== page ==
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Constructing black noise with non-standard analysis

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With noise in the sense of i.i.d. random sequence, a noise is black if it is not isomorphic to standard Gaussian white noise.

Tsirelson showed the existence of black noise through the scaling limit of coalescing Brownian motion.
Watanabe gave a simpler example, also based on a coalescing stochastic flow, but using a singular diffusion.

Nelson, chap 18, showed how to construct a Brownian motion using non-standard analysis.

I'm wondering if someone tried to construct a black noise using non-standard method.

This post imported from StackExchange MathOverflow at 2015-11-05 09:49 (UTC), posted by SE-user Nicolas Essis-Breton
asked Mar 1, 2013 in Theoretical Physics by Nicolas Essis-Breton (35 points) [ no revision ]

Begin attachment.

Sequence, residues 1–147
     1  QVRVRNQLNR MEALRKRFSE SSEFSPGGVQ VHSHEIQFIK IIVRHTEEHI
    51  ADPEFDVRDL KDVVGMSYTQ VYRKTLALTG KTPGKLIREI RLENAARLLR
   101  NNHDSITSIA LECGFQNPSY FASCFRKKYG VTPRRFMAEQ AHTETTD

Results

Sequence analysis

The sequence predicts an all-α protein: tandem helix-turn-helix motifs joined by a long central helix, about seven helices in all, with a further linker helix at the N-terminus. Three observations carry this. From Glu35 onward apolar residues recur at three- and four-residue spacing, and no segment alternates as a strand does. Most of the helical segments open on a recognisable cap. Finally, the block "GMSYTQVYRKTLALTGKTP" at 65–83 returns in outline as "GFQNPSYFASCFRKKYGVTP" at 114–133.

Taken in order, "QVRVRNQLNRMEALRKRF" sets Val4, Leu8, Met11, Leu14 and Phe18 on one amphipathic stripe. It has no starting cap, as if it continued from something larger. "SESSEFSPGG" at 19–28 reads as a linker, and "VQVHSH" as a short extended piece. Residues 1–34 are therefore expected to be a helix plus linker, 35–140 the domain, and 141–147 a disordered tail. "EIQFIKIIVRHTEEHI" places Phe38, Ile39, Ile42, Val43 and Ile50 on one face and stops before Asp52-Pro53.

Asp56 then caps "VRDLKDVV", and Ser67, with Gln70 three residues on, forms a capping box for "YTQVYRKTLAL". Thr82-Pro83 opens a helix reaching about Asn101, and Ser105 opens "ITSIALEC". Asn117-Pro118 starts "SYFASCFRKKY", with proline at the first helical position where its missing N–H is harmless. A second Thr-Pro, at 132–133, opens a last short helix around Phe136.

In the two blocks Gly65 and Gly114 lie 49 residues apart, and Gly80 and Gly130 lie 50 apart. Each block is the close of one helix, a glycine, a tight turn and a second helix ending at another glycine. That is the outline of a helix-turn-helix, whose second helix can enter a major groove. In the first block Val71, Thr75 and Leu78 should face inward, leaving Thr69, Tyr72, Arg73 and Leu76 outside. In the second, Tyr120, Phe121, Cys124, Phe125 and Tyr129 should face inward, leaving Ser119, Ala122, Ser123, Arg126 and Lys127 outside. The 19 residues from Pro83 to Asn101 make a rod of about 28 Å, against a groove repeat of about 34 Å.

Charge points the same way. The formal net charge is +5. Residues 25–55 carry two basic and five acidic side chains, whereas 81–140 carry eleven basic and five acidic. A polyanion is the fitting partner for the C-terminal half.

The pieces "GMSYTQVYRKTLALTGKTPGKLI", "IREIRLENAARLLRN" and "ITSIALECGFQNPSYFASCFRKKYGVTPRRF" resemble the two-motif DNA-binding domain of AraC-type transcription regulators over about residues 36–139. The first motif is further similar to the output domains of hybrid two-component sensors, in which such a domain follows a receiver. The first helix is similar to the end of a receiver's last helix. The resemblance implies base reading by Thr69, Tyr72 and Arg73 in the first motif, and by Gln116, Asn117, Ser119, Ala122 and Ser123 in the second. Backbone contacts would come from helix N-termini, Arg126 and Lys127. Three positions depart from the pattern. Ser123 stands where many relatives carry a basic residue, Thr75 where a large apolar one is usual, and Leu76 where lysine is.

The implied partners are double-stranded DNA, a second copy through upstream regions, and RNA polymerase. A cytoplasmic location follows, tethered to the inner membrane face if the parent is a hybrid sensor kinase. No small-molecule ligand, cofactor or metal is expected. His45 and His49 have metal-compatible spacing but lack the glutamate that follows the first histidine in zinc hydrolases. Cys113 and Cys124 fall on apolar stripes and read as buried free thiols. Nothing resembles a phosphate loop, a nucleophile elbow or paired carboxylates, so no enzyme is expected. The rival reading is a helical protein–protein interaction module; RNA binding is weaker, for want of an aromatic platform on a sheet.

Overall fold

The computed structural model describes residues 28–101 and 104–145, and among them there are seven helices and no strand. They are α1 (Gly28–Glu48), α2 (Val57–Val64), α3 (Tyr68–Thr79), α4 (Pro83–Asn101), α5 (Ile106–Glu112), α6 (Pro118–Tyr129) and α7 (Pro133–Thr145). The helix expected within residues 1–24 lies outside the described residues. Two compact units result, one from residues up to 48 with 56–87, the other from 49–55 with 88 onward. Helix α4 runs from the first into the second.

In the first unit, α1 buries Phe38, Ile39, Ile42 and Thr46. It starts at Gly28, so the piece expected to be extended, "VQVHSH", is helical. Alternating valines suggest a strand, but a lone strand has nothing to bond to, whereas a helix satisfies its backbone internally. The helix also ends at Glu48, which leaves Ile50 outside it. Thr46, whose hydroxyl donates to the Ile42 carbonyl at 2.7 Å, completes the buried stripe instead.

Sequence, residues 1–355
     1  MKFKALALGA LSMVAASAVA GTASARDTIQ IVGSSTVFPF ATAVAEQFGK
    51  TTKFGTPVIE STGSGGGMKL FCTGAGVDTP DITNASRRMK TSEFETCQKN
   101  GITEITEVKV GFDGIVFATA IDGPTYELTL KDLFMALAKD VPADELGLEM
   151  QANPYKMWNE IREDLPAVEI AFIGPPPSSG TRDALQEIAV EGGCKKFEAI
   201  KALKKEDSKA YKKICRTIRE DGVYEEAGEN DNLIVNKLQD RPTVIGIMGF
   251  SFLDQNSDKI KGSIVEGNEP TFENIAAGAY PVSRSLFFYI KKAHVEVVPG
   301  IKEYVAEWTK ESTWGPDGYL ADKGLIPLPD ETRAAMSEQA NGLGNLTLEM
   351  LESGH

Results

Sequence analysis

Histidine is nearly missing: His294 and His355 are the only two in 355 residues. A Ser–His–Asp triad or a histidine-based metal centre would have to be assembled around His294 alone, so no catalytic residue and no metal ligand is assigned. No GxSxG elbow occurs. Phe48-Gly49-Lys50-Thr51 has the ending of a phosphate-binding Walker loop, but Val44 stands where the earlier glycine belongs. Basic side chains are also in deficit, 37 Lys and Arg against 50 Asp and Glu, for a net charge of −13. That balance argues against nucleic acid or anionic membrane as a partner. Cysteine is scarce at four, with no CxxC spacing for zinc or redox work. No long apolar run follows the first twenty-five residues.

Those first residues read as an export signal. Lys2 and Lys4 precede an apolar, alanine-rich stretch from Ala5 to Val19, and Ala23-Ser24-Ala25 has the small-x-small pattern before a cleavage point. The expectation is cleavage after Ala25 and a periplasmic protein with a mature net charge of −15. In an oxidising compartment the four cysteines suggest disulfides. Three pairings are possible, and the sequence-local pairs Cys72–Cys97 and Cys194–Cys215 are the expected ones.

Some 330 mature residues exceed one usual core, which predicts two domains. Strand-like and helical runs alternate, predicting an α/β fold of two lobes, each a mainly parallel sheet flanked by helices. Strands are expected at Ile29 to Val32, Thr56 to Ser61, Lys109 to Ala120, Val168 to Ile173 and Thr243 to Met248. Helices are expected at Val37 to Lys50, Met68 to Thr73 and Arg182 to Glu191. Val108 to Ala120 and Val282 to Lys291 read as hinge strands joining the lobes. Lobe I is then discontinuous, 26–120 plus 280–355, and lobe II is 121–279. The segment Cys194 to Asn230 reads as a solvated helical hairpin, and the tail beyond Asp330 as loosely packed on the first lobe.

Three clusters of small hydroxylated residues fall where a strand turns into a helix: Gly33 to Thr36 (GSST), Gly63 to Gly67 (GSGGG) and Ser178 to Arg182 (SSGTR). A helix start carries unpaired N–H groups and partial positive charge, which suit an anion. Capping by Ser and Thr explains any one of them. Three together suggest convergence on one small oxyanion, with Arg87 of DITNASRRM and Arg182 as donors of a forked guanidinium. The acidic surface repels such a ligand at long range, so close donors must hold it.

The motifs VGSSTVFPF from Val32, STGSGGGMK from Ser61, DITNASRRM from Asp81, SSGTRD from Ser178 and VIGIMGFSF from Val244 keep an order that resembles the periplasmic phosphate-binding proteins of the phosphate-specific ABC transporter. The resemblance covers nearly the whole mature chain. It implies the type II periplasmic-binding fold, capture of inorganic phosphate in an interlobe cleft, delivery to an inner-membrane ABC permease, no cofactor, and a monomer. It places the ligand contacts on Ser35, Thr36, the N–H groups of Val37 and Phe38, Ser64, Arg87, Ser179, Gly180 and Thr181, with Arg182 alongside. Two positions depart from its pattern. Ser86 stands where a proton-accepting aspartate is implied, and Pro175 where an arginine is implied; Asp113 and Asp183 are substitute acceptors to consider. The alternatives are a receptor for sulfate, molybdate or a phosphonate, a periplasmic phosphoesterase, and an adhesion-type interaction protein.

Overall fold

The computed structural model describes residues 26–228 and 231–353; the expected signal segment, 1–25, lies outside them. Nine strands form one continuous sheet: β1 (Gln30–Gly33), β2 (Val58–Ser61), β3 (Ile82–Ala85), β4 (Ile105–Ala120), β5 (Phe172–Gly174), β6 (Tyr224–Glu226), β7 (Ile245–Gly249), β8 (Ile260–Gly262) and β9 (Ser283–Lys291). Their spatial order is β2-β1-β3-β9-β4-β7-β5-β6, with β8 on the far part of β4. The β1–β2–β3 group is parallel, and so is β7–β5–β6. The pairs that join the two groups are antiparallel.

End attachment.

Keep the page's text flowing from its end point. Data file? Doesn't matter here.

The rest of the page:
retagged Nov 5, 2015
I'm afraid I don't have a good answer to your question, but I believe the first black noises were not the Arratia flow (Brownian web). They appeared earlier in Tsirelson and Vershik's "Examples of nonlinear continuous tensor products of measure spaces and non-Fock factorizations" (although admittedly they were not noises on $\mathbb{R}$, if I recall correctly). Furthermore your definition of black is not quite correct. A noise is non-classical if it is not isomorphic to standard Gaussian white noise, and black if it has no classical subnoise.

This post imported from StackExchange MathOverflow at 2015-11-05 09:49 (UTC), posted by SE-user Tom Ellis

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